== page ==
Tuesday, July 30, 2013

Hold Fast by Blue Balliett

Product Details

ISBN: 978-0545299886

This is the first book by Blue Balliett that I have read, but it won't be the last. Hold Fast is a mystery about a family trying to reunite with their father who has suddenly disappeared without any trace. Early, the story's protagonist, is Sum and Dash's oldest child. She helps the family look after their youngest child Jubie, short for Jubilation  who is literally full of joy and excitement. But as time ticks by and their father's disappearance continues, all joy and happiness diminishes.

Dash and Sum dream about moving away from their apartment in a poor neighborhood to a house. They all envision this house as a dream come true, a place to truly call their own. Bound by their shared love of literature, the family gathers together over books for reading and writing. Early admires her father's love of language. The whole family, indeed, is held together by their favorite writers and their words of hope and dreams. Their most prized possession is a notebook in which they record their authors' favorite quotes.

Langston Hughes's work guides them through what they call the Rhythms of Life. When sum goes missing, the family desperately tries to detect clues, or the rhythm behind their father's disappearance.

A novel full of language play, it makes an intimate connection with readers who literally hang on key words appearing throughout the story which eventually weave together the missing pieces of the puzzle. Set in the inner city of Chicago, the family struggles through their father's disappearance, the destruction of their apartment by those connected to his disappearance, and a homeless shelter where they experience a tenuous safe haven.

The city's largest public library serves as the backdrop for the novel. Sum works there and it seems that his disappearance is somehow connected to his job. Ever the sleuth, Early sets out to find her father and give her mother hope who is slowly fading into complete despair.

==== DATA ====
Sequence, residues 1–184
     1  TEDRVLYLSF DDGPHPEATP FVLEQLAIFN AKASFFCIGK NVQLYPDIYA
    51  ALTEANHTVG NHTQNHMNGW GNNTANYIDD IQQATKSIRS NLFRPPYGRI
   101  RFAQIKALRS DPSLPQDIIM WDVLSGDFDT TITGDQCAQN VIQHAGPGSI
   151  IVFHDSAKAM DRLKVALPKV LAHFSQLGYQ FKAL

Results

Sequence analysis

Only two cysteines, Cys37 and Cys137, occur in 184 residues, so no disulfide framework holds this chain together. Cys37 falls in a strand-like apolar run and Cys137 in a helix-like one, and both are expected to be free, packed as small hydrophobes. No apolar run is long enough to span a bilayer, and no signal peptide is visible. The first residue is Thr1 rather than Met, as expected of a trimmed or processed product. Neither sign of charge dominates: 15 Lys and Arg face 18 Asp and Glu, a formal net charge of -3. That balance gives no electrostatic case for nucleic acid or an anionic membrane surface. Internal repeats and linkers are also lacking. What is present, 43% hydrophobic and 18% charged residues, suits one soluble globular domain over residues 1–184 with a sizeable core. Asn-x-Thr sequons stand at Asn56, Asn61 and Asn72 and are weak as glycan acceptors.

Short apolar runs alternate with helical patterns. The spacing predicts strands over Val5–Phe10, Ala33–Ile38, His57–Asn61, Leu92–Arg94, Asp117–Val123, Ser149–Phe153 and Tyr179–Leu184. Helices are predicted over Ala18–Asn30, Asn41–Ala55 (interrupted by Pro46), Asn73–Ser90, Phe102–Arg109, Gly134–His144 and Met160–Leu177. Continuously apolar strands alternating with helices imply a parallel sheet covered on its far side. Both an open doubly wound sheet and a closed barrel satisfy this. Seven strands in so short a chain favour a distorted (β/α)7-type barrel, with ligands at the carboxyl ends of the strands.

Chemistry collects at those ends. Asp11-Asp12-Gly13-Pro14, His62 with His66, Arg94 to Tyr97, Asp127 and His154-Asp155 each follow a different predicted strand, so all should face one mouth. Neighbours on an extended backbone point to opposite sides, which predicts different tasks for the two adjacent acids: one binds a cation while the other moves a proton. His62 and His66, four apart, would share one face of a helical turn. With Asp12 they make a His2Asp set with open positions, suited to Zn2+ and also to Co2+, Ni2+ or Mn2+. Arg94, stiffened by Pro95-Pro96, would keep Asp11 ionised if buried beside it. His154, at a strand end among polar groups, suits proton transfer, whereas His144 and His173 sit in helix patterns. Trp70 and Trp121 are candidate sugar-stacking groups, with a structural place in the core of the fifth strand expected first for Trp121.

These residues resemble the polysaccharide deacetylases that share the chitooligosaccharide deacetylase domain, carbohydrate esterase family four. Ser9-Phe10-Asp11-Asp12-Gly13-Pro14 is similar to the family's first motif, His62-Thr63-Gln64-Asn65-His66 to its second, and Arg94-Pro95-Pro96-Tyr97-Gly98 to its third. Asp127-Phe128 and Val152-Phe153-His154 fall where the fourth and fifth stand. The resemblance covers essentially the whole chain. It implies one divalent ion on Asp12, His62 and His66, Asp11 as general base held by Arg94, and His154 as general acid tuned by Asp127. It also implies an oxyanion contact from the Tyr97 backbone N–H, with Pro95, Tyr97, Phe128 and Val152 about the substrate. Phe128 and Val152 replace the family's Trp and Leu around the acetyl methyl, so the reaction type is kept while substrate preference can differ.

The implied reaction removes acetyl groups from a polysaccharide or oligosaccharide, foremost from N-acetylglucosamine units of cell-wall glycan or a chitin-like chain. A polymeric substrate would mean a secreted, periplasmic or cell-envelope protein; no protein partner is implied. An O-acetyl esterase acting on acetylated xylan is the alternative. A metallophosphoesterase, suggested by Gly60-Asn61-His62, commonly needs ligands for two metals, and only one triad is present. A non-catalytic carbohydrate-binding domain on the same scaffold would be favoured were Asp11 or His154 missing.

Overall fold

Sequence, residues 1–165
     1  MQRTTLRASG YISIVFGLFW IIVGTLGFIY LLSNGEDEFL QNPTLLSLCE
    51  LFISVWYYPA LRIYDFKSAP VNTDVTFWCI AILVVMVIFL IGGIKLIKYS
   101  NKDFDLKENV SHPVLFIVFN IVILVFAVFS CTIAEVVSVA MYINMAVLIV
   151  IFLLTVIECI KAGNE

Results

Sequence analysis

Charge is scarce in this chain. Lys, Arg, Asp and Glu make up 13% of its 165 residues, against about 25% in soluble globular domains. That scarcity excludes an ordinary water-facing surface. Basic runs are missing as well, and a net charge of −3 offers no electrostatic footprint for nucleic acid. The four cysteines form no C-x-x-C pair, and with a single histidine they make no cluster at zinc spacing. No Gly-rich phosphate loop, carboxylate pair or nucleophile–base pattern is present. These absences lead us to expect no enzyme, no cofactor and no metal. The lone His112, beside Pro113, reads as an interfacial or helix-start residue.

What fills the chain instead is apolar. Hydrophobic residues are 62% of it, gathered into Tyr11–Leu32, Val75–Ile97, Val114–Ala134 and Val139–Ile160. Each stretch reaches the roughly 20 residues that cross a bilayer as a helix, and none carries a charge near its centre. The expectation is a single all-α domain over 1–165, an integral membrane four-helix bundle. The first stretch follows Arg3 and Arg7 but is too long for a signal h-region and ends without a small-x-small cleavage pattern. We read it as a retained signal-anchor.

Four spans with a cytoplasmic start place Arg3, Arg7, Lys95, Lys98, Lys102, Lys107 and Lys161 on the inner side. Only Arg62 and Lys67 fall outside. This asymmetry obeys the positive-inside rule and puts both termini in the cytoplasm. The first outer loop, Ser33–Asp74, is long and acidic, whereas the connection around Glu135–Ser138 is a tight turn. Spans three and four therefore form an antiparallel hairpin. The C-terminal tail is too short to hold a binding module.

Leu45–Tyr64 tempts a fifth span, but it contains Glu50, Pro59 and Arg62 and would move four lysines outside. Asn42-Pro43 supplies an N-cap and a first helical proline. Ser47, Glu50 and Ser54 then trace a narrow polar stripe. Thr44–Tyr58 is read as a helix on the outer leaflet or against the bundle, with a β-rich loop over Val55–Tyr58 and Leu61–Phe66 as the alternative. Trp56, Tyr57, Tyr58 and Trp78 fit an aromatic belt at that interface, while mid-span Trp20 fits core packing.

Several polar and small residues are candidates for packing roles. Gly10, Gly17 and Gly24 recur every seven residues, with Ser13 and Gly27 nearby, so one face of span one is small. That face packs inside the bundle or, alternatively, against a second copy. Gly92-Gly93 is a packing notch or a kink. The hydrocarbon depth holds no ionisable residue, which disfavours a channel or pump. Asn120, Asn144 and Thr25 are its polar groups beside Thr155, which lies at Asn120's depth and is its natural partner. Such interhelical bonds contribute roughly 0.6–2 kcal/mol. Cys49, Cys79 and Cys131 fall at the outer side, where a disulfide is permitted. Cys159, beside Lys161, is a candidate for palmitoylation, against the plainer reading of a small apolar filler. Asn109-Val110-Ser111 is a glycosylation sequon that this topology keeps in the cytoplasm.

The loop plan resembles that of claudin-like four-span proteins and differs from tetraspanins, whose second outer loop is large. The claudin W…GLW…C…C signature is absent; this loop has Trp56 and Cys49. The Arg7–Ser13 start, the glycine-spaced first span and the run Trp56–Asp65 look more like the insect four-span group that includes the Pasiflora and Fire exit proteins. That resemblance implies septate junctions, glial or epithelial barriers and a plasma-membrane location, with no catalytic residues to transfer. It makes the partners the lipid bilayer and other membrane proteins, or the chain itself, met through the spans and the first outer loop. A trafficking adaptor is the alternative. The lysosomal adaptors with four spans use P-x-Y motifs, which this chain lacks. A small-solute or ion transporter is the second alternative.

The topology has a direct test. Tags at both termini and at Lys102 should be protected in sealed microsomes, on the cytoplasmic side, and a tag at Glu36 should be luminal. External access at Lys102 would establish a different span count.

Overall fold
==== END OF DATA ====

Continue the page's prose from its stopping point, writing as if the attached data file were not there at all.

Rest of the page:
An inspirational story about the power of family, love, and the ways we communicate it, I would recommend this story for children and adults alike. Balliett's most acclaimed book is Chasing Vermeer and I plan to start there next in getting to know her work.

The Global Achievement Gap by Tony Wagner

Product Details

ISBN: 978-0465002306


A few weeks ago, I heard Tony Wagner speak in New York. I was so impressed with what he said about skills students need exiting school today that I wanted to learn more. Published in 2008, Wagner's work has influenced policy making decisions across our country's schools. He contends that, while there many criticize public schools, the criticism is misguided. He argues that schools have not failed; rather, schools have become obsolete. This is a major shift in a time when "accountability and sanctions" are the methods of modern school reform. Thus, while the world has progressed in terms of technologies, global awareness, and networking, schools, on the whole, have struggled to shake off the old models developed during an agrarian-era mindset. For instance, while it may have been important to know information that was only accessible in books in the past, today facts and information are everywhere and everyone has access to them. So, today it is less important to know information, and more important to know how to use it or what it means in relationship to achieving a goal. This, he argues, should be the direction of reforming our schools.

He researched the essential skills needed in order for someone to be successful and get desirable jobs coming out of high school and college today. Working backwards, he says that before students leave school today they should have some key skills developed over time, and he argues strongly for a movement away from memorizing content (traditional schooling) to developing competencies. He boils these competencies down to what he calls the seven survival skills teens should exit school with today:

I would recommend this book for parents and educators alike looking for schools that are aiming to transform themselves into a modern place of learning for the modern world.

Tuesday, July 23, 2013

Secrets of Shakespeare's Grave by Deron R. Hicks

Product Details

273 pages
ISBN 978-0-547-84034-5